Peshmerga forces launch new offensive on Islamic State in Kirkuk
The Iraqi Kurdish Peshmerga troops launched an operation against Islamic State militants south of the oil-rich city of Kirkuk on Monday.
The operation was backed by air strikes from the US-led coalition. The Peshmerga fighters began shelling Islamic State sites at dawn before advancing on a 30 kilometre front southwest of the city. They managed to seize several villages and gain around five kilometres in other places, sources said.
Kurdish MP of the Iraqi parliament Mahmoud Osman told Anadolu Agency: “According to the information we last received, at least 150 Daesh [Islamic State] troops were killed in the land operation carried out by Peshmerga forces and coalition strikes.”
He added that only four Peshmerga fighters were killed and that the offensive was largely successful.
The Kurds took full control of Kirkuk last August as the Iraqi army collapsed in the north and Islamic State militants overran almost a third of the country.
But the city – claimed by both Erbil and Baghdad - has remained vulnerable, with the frontline no more than 20 kilometres away in some places and only an irrigation canal separating the two sides. In late January, the Islamic State briefly overran Kurdish defences around Kirkuk, although Kurdish military sources said that the Peshmerga have now seized the upper hand.
Peshmerga commander Wasta Rasul said that his forces had attacked IS’s positions in the villages of Maktab Khaled, Dakuk, and Harabarut, near Kirkuk while the local police chief in the city said that the coalition’s military planes hit southern districts in the city at least 40 times.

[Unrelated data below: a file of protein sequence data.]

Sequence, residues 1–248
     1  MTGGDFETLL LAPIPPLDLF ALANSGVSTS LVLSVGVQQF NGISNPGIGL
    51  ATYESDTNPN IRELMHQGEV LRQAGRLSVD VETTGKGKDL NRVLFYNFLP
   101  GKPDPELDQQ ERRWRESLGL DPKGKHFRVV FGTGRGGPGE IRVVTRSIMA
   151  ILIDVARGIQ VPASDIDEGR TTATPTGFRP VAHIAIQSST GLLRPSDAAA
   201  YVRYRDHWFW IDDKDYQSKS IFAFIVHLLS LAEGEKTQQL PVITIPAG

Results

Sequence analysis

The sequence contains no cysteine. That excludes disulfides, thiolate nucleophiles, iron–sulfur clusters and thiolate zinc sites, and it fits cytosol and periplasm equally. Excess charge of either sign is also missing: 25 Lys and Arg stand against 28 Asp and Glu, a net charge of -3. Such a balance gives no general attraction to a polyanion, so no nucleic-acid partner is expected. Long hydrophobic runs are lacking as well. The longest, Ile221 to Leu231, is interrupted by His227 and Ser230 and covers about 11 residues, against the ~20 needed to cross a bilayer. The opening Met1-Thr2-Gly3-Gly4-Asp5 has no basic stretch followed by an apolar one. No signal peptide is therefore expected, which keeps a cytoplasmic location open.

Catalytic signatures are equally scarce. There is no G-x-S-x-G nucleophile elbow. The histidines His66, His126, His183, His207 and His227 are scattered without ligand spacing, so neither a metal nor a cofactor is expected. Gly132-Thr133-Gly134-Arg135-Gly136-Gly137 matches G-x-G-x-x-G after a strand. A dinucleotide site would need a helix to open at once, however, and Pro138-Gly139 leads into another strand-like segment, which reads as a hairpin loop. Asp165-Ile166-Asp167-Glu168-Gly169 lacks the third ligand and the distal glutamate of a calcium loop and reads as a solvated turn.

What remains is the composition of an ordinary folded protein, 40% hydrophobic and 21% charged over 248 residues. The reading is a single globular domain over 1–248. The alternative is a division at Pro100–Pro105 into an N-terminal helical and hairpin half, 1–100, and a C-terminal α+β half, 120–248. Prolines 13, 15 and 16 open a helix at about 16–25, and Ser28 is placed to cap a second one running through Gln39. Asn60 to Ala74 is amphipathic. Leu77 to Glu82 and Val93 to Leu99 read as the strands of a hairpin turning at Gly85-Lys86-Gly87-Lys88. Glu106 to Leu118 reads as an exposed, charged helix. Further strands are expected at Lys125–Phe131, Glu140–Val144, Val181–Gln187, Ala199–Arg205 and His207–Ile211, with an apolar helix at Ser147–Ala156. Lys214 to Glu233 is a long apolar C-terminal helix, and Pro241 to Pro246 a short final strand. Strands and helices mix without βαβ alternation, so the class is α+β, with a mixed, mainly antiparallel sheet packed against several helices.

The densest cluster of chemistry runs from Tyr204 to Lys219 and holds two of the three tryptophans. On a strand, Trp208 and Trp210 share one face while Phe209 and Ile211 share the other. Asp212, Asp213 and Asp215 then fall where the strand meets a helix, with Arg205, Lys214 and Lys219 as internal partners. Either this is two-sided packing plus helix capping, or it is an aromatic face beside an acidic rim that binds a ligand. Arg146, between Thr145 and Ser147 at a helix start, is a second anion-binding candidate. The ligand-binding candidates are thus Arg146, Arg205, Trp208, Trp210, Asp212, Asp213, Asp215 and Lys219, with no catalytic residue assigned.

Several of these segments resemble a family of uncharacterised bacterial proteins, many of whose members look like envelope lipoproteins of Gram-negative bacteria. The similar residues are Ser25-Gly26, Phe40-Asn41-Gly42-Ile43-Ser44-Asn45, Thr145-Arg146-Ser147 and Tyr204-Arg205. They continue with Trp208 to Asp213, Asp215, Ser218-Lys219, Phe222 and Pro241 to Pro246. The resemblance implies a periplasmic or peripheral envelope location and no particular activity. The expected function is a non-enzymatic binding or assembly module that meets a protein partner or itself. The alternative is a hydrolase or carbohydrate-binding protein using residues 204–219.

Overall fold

Major-General Omar Saleh Hassan told Reuters that their “advances are continuing” and that the Peshmerga have launched the offensive on “three axes”.
Hassan added that his forces have faced little resistance from the Islamic State fighters, who are channelling the majority of their resources into keeping the city of Tikrit where Iraqi army troops are currently waging a counter offensive in a bid to retake the city.
Battles on the outskirts of the city continued to rage on Monday and followed on from gains made over the weekend, with saw Iraqi army troops and Shiite militias, loyal to the government, make inroads in neighbouring towns.
Military commanders told Reuters that the army and Hashid Shaabi militia group units launched an offensive late on Saturday to break into the centre of al-Dour, a town on the southern edge of Kirkuk where former president Saddam Hussein was found hiding after the 2003 US-led invasion.
By Sunday pro-government forces had succeeded in recapturing central al-Dour, where government headquarters are located, although IS continued to hold western positions, the military sources added. Some 30,000 people have fled the latest flare up in violence.
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